Supreme Court Gives Ex-Death Row Inmate Parole Chance | Jackson Free Press | Jackson, MS

Supreme Court Gives Ex-Death Row Inmate Parole Chance

Frederick Bell originally received the death penalty for the 1991 murder of a store clerk in Grenada County named Robert C. "Bert" Bell (no relation). Since his conviction in 1993, Bell was declared mentally retarded and had his death sentence changed to life without parole. Photos courtesy MDOC/Trip Burns

Frederick Bell originally received the death penalty for the 1991 murder of a store clerk in Grenada County named Robert C. "Bert" Bell (no relation). Since his conviction in 1993, Bell was declared mentally retarded and had his death sentence changed to life without parole. Photos courtesy MDOC/Trip Burns

Frederick Bell now has the possibility of a life.

The Mississippi Supreme Court, in a decision Dec. 8, changed Bell's sentence for his 1993 conviction for capital murder to life in prison.

Bell originally received the death penalty for the 1991 murder of a store clerk in Grenada County named Robert C. "Bert" Bell (no relation). Court documents state that Bell and an accomplice named Anthony Joe Doss decided to rob Bell's store because they wanted money for a trip to Memphis.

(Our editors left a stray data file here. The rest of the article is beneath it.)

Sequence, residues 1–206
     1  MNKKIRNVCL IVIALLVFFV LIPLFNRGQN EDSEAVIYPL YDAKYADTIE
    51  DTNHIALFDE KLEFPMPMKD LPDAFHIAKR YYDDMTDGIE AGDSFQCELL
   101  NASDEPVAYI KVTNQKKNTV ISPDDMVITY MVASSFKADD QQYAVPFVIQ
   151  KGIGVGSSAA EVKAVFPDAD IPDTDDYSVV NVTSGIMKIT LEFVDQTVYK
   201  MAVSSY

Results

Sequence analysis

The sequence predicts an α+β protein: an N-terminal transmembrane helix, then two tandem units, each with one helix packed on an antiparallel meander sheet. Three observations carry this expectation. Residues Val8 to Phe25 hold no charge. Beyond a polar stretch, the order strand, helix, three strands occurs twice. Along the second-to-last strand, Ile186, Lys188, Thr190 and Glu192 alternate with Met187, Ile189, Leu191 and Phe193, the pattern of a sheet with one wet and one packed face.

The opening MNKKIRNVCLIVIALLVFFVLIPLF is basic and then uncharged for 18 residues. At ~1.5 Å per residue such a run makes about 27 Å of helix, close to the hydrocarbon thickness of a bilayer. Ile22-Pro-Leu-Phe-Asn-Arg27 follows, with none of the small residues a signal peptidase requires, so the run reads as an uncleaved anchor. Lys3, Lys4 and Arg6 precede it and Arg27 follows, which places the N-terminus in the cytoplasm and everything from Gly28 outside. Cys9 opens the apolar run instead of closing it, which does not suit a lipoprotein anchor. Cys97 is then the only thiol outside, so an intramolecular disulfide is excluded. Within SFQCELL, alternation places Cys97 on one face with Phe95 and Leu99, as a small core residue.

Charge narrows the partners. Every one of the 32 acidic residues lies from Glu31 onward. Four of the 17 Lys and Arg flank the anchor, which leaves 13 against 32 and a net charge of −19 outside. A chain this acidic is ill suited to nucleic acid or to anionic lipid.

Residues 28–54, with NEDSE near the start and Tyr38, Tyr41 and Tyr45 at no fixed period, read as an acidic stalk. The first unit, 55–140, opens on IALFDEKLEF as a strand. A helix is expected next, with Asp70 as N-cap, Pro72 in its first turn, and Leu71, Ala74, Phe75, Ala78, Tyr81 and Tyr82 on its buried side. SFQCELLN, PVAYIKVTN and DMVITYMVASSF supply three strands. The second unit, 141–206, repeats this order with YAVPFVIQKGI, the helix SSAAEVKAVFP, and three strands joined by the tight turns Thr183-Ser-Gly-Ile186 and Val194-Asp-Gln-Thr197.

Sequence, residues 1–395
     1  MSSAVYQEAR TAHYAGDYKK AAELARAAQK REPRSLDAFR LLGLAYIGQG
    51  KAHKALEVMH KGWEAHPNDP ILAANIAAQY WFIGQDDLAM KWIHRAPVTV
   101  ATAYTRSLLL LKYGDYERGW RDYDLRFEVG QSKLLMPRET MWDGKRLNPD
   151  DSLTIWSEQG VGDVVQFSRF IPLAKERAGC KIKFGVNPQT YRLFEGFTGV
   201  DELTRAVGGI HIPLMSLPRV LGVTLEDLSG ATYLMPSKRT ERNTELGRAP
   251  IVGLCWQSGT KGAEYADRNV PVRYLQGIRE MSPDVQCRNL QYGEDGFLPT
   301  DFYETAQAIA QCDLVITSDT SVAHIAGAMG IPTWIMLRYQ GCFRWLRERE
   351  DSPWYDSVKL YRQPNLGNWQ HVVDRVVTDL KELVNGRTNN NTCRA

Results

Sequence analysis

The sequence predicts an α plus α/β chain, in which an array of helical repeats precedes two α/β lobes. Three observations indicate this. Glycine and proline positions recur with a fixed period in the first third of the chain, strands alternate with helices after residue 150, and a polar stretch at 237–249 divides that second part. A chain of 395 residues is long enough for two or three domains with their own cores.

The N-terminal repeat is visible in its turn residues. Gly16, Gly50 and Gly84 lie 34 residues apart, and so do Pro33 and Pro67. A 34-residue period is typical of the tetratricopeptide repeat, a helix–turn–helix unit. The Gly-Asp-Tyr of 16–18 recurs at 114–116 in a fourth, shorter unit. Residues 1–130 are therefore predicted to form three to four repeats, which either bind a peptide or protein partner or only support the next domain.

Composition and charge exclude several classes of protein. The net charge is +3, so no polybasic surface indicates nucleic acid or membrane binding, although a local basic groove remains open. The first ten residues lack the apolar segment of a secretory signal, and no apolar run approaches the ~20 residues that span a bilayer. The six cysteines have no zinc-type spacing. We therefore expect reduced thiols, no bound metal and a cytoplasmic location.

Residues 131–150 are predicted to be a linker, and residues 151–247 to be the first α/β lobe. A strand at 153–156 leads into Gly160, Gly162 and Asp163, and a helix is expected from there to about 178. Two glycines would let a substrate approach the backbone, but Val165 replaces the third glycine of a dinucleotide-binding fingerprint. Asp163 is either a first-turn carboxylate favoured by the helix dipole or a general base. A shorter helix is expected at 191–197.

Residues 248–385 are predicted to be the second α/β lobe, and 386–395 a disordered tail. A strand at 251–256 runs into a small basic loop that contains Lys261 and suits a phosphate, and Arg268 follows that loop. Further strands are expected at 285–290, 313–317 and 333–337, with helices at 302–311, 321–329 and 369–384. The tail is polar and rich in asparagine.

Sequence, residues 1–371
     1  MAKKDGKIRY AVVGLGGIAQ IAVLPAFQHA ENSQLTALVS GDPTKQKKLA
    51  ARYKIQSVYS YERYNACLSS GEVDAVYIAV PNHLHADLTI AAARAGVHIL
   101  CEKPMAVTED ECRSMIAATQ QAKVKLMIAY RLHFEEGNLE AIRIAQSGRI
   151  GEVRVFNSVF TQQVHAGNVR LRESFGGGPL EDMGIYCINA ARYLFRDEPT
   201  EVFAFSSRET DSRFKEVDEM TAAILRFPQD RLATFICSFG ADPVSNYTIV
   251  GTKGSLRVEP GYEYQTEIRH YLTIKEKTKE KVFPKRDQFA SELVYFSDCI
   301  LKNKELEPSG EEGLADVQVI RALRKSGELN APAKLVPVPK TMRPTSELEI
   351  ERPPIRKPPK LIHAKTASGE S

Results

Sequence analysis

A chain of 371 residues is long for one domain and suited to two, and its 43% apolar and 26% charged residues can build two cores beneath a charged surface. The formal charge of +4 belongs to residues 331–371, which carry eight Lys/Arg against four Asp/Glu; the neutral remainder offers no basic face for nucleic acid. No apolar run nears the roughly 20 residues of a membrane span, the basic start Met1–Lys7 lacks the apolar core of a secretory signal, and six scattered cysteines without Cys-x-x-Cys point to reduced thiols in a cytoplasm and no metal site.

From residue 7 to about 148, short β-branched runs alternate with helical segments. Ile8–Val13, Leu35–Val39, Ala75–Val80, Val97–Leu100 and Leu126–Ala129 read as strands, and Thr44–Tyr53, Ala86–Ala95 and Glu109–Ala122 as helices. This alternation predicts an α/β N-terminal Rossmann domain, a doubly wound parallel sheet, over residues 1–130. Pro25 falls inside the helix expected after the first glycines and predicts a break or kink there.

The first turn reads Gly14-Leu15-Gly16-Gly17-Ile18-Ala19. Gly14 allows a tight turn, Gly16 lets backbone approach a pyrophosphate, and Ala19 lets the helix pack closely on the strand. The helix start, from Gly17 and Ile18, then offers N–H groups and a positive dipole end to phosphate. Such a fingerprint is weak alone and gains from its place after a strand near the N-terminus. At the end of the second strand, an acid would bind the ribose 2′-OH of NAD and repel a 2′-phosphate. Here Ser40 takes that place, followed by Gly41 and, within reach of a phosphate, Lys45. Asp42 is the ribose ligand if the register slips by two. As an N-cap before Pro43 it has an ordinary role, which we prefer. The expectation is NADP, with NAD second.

Two men who had been with Bell earlier that day testified that he admitted to killing the clerk. During the trial, there was no direct testimony regarding what actually occurred inside the store, records show.

Since his conviction in 1993, Bell was declared mentally retarded and had his death sentence changed to life without parole. The U.S. Supreme Court ruled in 2002 that executing people who are mentally retarded violates the prohibition against cruel-and-unusual punishment in the Eighth Amendment.

However, Bell argued that he should have parole eligibility. The court agreed in its ruling last week.

"As to Bell, his sentence of death is unconstitutional because he has been determined to be mentally retarded," Associate Justice Josiah D. Coleman wrote for the 5-4 majority. "With his death sentence being unconstitutional, Bell is entitled to a new sentence."

Presiding Justice Randy "Bubba" Pierce wrote the dissent, arguing that Bell's sentence should remain as life without parole.

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